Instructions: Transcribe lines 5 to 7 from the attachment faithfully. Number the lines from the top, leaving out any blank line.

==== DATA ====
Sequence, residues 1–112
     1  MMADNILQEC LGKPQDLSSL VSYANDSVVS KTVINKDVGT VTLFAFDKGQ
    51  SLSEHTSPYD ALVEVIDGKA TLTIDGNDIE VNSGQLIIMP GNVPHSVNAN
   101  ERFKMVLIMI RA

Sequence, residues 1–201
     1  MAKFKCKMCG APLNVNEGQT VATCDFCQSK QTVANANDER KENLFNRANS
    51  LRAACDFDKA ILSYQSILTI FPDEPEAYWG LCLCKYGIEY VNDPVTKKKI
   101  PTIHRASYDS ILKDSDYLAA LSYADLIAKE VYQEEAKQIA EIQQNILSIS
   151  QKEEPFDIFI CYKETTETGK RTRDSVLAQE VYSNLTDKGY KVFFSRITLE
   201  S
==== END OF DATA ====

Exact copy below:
Sequence, residues 1–201
     1  MAKFKCKMCG APLNVNEGQT VATCDFCQSK QTVANANDER KENLFNRANS
    51  LRAACDFDKA ILSYQSILTI FPDEPEAYWG LCLCKYGIEY VNDPVTKKKI